Italian Olympic Swimmer Rachele Bruni Unofficially Came Out By Dedicating Her Medal To Her Girlfriend
If the way Italian swimmer Rachele Bruni came out unofficially is any indication, Olympians aren't just competing for gold medals; they're also competing for the cutest relationship. Bruni joins dozens of other LGBTQ athletes competing in this year's Olympics, including American basketball player Elena Delle Donne, who came out in a similarly blasé manner earlier this month, and Brazilian ruby player Isadora Cerullo, whose partner publicly proposed on the field where Cerullo had competed days before. I'm not saying the Rio Olympics are the most romantic ever, because I don't have to — the evidence speaks for itself here.
Bruni took silver in the 10 km swimming marathon on Monday, a win that was marked by the disqualification of fellow swimmer Aurélie Muller for pushing Bruni underwater near the finish line. According to Mic, the distance swimmer used the opportunity to dedicate her medal to her family, coach, and most notably, her "beloved." When asked to clarify at the Italian House later, Bruni said she had never been big on officially coming out. "I live for myself, for my passion for swimming and for people who care for me," she said, according to Italian newspaper La Stampa. (It's a rough English translation of the original Italian.)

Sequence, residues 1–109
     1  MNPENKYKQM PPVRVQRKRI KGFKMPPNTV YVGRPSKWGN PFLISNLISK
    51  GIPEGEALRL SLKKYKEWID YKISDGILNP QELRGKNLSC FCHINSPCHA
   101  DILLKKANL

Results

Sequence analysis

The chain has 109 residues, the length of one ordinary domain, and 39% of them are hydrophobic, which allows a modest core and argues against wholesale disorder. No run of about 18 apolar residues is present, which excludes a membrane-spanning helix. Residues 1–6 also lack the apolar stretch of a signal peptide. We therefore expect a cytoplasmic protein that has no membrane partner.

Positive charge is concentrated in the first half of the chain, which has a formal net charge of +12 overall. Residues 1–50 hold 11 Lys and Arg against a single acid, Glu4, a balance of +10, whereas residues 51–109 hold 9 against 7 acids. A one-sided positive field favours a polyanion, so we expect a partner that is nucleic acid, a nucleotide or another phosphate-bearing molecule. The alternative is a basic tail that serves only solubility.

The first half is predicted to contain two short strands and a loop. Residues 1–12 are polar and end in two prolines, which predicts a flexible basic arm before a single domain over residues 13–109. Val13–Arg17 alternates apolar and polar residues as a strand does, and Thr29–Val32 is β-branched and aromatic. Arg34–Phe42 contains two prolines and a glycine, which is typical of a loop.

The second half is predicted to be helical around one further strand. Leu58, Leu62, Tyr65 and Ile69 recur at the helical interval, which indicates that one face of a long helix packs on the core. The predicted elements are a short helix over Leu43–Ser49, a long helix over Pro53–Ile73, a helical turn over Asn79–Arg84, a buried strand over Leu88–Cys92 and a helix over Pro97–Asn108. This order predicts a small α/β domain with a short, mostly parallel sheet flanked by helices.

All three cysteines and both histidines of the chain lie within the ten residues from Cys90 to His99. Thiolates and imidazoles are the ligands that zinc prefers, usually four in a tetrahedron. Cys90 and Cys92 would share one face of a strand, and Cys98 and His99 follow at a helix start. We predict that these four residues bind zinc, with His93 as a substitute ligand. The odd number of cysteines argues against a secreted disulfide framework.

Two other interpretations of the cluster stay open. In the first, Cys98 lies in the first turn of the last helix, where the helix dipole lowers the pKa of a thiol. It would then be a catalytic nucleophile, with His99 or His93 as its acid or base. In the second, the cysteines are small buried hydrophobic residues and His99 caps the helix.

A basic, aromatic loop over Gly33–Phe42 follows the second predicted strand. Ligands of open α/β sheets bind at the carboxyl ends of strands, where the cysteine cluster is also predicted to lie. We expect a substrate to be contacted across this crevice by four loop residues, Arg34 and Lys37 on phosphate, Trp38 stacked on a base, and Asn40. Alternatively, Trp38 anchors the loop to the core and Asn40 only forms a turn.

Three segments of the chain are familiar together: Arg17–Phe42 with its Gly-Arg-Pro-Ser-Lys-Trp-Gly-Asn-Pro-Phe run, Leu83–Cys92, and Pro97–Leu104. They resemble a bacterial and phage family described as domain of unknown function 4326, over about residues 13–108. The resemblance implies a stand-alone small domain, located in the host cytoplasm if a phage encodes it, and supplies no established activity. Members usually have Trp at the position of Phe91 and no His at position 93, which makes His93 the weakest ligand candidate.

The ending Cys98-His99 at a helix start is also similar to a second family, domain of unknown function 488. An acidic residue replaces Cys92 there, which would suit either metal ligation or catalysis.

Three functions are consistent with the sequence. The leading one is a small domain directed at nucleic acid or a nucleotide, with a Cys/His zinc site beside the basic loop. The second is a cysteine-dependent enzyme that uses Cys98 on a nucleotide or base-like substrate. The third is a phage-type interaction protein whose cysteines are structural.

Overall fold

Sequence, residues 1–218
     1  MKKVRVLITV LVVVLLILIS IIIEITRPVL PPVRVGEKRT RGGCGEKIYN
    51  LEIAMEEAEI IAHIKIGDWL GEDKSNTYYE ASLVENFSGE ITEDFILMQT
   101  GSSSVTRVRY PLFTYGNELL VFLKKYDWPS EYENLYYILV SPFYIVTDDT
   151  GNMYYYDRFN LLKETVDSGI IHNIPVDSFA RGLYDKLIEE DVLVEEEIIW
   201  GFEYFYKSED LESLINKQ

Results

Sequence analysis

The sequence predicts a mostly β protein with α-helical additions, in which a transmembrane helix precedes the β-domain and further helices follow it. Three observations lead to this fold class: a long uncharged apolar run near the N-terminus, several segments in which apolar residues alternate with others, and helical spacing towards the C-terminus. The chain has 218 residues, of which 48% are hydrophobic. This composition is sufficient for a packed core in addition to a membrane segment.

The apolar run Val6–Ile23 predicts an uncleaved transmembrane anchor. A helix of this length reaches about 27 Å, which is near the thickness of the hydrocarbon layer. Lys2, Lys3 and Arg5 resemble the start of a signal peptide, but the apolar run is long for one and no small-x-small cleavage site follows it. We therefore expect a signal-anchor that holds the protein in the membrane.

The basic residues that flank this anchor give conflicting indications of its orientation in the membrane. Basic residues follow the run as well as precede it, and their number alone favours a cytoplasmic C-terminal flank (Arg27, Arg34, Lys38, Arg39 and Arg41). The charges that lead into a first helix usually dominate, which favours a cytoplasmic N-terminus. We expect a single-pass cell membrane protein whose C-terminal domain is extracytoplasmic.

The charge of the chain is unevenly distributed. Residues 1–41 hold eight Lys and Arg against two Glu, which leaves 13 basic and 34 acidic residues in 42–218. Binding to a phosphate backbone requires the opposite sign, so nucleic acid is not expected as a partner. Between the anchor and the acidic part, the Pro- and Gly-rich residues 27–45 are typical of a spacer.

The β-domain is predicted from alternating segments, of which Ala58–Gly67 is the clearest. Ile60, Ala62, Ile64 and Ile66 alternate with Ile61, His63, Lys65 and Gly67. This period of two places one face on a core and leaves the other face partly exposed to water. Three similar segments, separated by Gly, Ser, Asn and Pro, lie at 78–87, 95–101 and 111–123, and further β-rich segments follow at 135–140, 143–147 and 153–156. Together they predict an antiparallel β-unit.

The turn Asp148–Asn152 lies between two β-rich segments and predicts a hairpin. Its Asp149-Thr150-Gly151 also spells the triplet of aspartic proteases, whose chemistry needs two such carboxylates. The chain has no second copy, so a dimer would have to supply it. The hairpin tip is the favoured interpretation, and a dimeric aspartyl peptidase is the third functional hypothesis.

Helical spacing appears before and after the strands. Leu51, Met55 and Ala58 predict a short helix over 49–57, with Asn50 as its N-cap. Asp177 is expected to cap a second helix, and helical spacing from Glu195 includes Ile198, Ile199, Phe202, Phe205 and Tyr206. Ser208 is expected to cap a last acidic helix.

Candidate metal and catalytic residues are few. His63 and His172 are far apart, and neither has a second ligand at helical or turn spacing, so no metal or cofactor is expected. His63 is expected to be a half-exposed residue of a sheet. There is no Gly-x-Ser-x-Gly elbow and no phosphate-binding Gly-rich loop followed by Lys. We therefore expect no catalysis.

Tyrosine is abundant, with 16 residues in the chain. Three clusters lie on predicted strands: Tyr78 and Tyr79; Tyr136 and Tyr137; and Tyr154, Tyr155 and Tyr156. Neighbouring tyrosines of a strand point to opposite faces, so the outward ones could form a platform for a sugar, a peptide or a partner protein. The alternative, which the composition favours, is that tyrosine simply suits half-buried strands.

Of course, this brings up the question of the identity of Bruni's beloved, and according to After Ellen, the swimmer confirmed that she had been referring to her partner, Diletta Faina. Although this is the first time they've publicly referred to their relationship, the couple frequently posts selfies together on Twitter and Instagram. It's important to note that Bruni has not officially "come out" in the traditional sense; she hasn't addressed her sexuality outside of her relationship with Faina. However, she appears to be the only member of Team Italy in a same-sex relationship.
Bruni joins a growing list of openly LGBTQ Olympians at this year's Games; as of this week, the number reached at least 50 athletes. Some have taken the more traditional route of coming out — in 2013, British diver Tom Daley announced he was dating a man in an emotional YouTube video — while others have let their relationships speak for themselves. A handful of athletes are married to their partners, including two field hockey players who are married to each other while playing for Great Britain, while British race walker Tom Bosworth recently proposed to his partner in Rio. No matter how the athletes address their sexuality, the Rio Olympics are an inspiration to LGBTQ viewers around the world.